When selecting a thermometer, it is important to consider its accuracy specifications and ensure that it meets your specific requirements.

Thermometers are labeled with an accuracy rating or margin of error, representing the maximum deviation of the displayed temperature from the actual temperature. For instance, the InstaProbe meat thermometer boasts exceptional accuracy of ±0.5°F (±0.3°C) from -4 to 248°F (-20 to 120°C), with ±1.8°F (±1.0°C) otherwise.

How do you know if your thermometer is accurate?

Is your thermometer trustworthy?

It is important to perform periodic checks on your thermometer, especially when it is new, after any mishandling or impact, during prolonged periods of non-use, and whenever doubts arise about its reliability.

Test its accuracy yourself (Ice Bath Test & Boiling Water Test)

To verify the accuracy of the thermometer by yourself, it is recommended to test it in both boiling water and an ice bath.

Way 1. Ice Bath Test

Step 1. Fill a cup or container with ice, ensuring it reaches the brim. Preferably crushed ice to minimize gaps.

Step 2. Add cold water until it reaches approximately 1/2 inch below the ice level. Ensure the ice remains submerged without floating. Adjust the water level if needed.

Step 3. Immerse the thermometer probe in the water, making sure it doesn’t touch the container’s bottom or walls. Stir the ice bath for at least one minute, allowing the thermometer needle to stabilize.

Step 4. Check the thermometer’s calibration by verifying the reading at 32°F (0°C). Compare it to the manufacturer’s specified accuracy range (look for the ±°F in the instrument’s documentation). If it falls within the specified tolerance, no adjustment is necessary.

Ice bath test start at 05:14

Way 2. Boiling Water Test

Step 1. Ensure you have a pot of water ready. Bring the pot of water to a rolling boil on the stove.

Step 2. Insert the probe of the thermometer into the boiling water, making sure it goes at least an inch deep. Avoid touching the sides or bottom of the pot.

Step 3. Allow the thermometer to register the temperature, takes less than 0.5s if you are testing Typhur InstaProbe.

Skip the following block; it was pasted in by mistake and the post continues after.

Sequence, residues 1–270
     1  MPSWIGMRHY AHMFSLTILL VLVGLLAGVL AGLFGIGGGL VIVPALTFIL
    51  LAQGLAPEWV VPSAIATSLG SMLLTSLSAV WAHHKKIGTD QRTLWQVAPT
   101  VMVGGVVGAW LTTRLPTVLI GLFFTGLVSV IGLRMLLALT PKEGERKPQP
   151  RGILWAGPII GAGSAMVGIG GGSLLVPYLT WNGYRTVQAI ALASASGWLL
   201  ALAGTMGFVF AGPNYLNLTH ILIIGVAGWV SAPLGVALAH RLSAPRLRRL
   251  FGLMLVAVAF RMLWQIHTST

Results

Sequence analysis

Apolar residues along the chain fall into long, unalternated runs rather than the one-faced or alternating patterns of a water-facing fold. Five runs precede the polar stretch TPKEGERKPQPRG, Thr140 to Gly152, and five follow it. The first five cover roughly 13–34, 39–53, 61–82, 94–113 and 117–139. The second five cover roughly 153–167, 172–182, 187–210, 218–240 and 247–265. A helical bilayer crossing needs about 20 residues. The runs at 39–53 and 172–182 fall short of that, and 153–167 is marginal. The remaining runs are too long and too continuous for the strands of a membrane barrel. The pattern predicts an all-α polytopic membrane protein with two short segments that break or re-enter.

Step 4. Check the thermometer reading. It is considered accurate if it registers 212°F (100°C), which is the boiling point of water at sea level.

Boiling temperatures can vary significantly based on elevation, unlike the ice point which remains consistent. To ensure accurate results, it is recommended to determine the boiling point specific to your location before conducting the boiling water test on your thermometer.

Compare it to an established standard (NIST)

This method involves comparing the thermometer’s readings to a reference thermometer that is known to be accurate. The National Institute of Standards and Technology (NIST) provides certified traceable thermometers with precise measurements. You can compare your thermometer’s readings to the readings of the NIST-certified thermometer at different temperatures to assess its accuracy.

InstaProbe prioritizes temperature reading accuracy, designing devices to meet NIST standards. Calibrated against an SPRT 4386 in a stirred liquid bath at 7 temperatures with 7.5 cm immersion depth, the results are ±0.5°F (±0.3°C) from -4 to 248°F (-20 to 120°C); otherwise ±1.8°F (±1.0°C).

Thermometers like InstaProbe that are certified in such a way receive what is called a “NIST-traceable” calibration certificate and are known to be accurate.

Traceability is characterized by several essential elements, including:

  1. Reference to a Known Standard: Traceability involves the ability to trace a measurement or calibration result back to a known and recognized standard (such as NIST).
  2. Chain of Comparisons: Traceability requires a documented and auditable chain of comparisons between the instrument being calibrated and the known standard. Each step in the chain of comparisons should be properly documented, indicating the measurement or calibration procedure used and the instruments or standards involved at each stage.
  3. Measurement Uncertainty: Traceability requires consideration of measurement uncertainty. It involves quantifying the uncertainties associated with the measurements and calibrations, taking into account factors such as instrument repeatability, reproducibility, and the uncertainties associated with the calibration standards and procedures.
  4. Documentation and Records: This includes documenting the calibration procedures, measurement results, and any adjustments or corrections made during the calibration process.

What affects the accuracy of thermometers?

1. Calibration points

The calibration points play a significant role in determining the accuracy of a thermometer.